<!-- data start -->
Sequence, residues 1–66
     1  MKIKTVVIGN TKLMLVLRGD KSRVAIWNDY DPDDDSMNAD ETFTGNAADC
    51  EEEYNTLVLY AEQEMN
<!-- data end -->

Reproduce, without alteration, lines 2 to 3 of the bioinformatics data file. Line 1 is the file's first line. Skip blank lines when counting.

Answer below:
     1  MKIKTVVIGN TKLMLVLRGD KSRVAIWNDY DPDDDSMNAD ETFTGNAADC
    51  EEEYNTLVLY AEQEMN